Pot Possession Pardon Saves More Than Just Jail Time

Commentary By: Savannah Scarborough, Follow South Jersey Intern

On Thursday, October 6, President Joe Biden announced his executive action to pardon thousands of people with prior federal offenses of simple marijuana possession. 

President Biden will pardon all prior Federal offenses of simple possession of marijuana, attempting to resolve some of the detrimental consequences that arise from these convictions. Furthermore, he urges all Governors to do the same with state offenses. Lastly, he is asking the Secretary of Health and Human Services and the Attorney General to open an administrative process to review how marijuana is scheduled under federal law. 

Currently, marijuana is a Schedule I drug. Schedule I is the Drug Enforcement Agency’s (DEA) most dangerous classification, which includes heroin and LSD. It is considered a Schedule I drug since experts refer to it as a substance with a high potential for abuse and no medical use. 

Democratic voters have been waiting for President Biden to make this move and fulfill his promises made during his candidacy for the presidency in 2020. The illegalization of marijuana has caused tremendous difficulty for specific communities in America. Therefore, the undergoing vital actions towards pushing the legalization of marijuana could not have come at a later date and is critical to the well-being of our nation.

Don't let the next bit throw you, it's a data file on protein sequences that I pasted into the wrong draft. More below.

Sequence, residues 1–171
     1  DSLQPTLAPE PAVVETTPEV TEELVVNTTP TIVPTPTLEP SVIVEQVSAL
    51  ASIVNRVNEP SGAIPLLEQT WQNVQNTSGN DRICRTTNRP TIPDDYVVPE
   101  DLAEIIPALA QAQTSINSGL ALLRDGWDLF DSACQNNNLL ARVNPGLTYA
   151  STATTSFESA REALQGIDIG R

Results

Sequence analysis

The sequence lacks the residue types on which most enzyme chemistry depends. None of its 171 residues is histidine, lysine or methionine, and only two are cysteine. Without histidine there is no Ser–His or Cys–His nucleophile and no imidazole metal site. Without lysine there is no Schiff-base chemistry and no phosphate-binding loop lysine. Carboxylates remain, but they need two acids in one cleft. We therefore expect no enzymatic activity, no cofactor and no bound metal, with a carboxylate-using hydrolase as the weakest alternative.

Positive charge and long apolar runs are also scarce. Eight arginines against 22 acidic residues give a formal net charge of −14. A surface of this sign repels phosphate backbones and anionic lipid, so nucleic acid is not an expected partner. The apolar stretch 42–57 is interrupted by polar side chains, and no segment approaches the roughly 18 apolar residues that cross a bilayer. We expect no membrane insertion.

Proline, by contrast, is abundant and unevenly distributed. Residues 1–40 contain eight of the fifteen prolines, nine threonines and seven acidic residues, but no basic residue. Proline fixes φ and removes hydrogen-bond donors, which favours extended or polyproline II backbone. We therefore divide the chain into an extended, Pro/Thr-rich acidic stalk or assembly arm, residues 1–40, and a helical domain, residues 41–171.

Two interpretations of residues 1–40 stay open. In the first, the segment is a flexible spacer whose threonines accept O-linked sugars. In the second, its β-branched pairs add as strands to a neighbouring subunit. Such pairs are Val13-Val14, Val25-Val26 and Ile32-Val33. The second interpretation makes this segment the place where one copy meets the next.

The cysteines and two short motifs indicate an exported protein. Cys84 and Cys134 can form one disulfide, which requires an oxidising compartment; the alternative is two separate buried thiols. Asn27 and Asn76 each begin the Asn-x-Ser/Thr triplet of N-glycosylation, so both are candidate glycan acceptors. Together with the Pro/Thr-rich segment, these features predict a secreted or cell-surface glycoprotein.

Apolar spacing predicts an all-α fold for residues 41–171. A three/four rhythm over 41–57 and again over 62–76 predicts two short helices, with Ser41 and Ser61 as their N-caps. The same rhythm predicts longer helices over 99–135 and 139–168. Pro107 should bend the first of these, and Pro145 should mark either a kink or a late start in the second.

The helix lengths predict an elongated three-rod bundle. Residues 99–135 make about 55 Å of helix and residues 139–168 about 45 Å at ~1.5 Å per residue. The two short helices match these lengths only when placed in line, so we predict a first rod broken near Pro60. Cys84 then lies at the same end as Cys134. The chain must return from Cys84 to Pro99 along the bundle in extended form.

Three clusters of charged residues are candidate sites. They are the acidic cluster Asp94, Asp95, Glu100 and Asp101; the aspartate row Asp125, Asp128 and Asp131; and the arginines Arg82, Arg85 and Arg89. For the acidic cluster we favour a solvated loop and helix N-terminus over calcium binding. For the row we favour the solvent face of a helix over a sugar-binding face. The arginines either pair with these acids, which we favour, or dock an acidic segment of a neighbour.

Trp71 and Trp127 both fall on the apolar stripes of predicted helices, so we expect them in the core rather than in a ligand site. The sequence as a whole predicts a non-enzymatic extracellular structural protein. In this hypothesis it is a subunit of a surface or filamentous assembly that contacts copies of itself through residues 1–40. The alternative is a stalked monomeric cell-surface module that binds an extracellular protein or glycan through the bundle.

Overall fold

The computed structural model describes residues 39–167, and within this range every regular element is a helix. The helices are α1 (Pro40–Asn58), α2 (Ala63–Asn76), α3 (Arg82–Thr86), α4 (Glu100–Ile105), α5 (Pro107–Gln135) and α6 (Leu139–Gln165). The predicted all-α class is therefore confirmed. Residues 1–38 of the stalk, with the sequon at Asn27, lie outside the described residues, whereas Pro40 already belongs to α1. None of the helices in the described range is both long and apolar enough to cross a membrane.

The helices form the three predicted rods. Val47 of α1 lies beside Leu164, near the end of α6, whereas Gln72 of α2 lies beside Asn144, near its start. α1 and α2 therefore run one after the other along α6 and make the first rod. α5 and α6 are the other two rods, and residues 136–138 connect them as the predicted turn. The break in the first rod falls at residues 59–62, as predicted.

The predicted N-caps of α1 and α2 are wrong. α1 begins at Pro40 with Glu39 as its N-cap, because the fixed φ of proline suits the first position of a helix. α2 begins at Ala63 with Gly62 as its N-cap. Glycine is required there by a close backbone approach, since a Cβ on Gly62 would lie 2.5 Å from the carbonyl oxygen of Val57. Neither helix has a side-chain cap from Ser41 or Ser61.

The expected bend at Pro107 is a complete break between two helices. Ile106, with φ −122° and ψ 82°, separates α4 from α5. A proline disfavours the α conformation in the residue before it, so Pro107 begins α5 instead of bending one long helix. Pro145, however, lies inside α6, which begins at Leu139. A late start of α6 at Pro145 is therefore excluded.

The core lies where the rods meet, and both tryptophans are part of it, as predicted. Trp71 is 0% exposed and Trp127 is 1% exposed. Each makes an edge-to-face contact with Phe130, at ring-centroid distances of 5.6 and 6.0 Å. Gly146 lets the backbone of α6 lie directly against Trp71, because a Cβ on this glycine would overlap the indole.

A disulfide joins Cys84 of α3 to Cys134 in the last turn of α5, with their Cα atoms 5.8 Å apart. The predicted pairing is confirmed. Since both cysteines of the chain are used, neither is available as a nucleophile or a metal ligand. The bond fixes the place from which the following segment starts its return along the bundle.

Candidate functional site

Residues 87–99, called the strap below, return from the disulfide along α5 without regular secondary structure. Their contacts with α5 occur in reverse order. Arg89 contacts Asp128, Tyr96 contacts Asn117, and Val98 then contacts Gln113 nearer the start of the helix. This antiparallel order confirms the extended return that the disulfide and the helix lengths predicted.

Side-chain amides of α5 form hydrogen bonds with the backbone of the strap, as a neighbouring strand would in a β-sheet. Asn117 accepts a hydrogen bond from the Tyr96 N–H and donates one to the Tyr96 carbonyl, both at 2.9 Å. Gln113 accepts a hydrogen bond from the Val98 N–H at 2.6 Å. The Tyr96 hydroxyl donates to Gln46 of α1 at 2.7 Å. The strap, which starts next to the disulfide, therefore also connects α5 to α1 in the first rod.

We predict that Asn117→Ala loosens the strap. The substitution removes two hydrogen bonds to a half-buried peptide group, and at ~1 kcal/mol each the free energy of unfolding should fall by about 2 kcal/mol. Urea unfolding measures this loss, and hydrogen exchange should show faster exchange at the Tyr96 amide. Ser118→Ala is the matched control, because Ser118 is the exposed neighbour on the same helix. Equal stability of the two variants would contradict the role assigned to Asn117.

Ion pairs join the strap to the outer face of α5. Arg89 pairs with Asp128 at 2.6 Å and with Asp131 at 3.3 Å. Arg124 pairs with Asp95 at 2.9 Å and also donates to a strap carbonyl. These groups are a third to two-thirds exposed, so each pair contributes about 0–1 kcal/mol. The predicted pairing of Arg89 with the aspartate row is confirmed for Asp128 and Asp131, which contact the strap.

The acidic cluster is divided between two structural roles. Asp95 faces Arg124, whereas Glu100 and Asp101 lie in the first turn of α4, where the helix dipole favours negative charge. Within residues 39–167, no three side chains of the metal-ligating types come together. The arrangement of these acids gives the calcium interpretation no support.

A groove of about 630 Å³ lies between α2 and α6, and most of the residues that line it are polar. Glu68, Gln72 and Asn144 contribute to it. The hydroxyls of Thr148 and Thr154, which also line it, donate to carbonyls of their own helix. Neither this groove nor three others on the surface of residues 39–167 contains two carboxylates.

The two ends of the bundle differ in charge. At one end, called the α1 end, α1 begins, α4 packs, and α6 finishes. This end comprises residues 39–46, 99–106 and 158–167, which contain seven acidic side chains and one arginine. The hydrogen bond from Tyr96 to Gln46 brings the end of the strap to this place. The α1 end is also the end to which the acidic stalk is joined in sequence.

Many believe there has been a failed approach to dealing with marijuana in the United States over the last decades, and numerous officials agree. During his announcement, President Biden stated, “As I often said during my campaign for President, no one should be in jail just for using or possessing marijuana.” 

Those who hold, or have held, criminal records regarding marijuana possession hold many impediments to their employment, housing, and educational opportunities. Many also have experienced displacement from jobs and public benefits. 

Data has proven that marijuana charges affect Black and Brown communities at much higher rates than white communities. The ACLU found that Black people were 3.7 times more likely to be charged with marijuana possession than white people and, more specifically, 3.5 times more likely in New Jersey, according to NJ.com.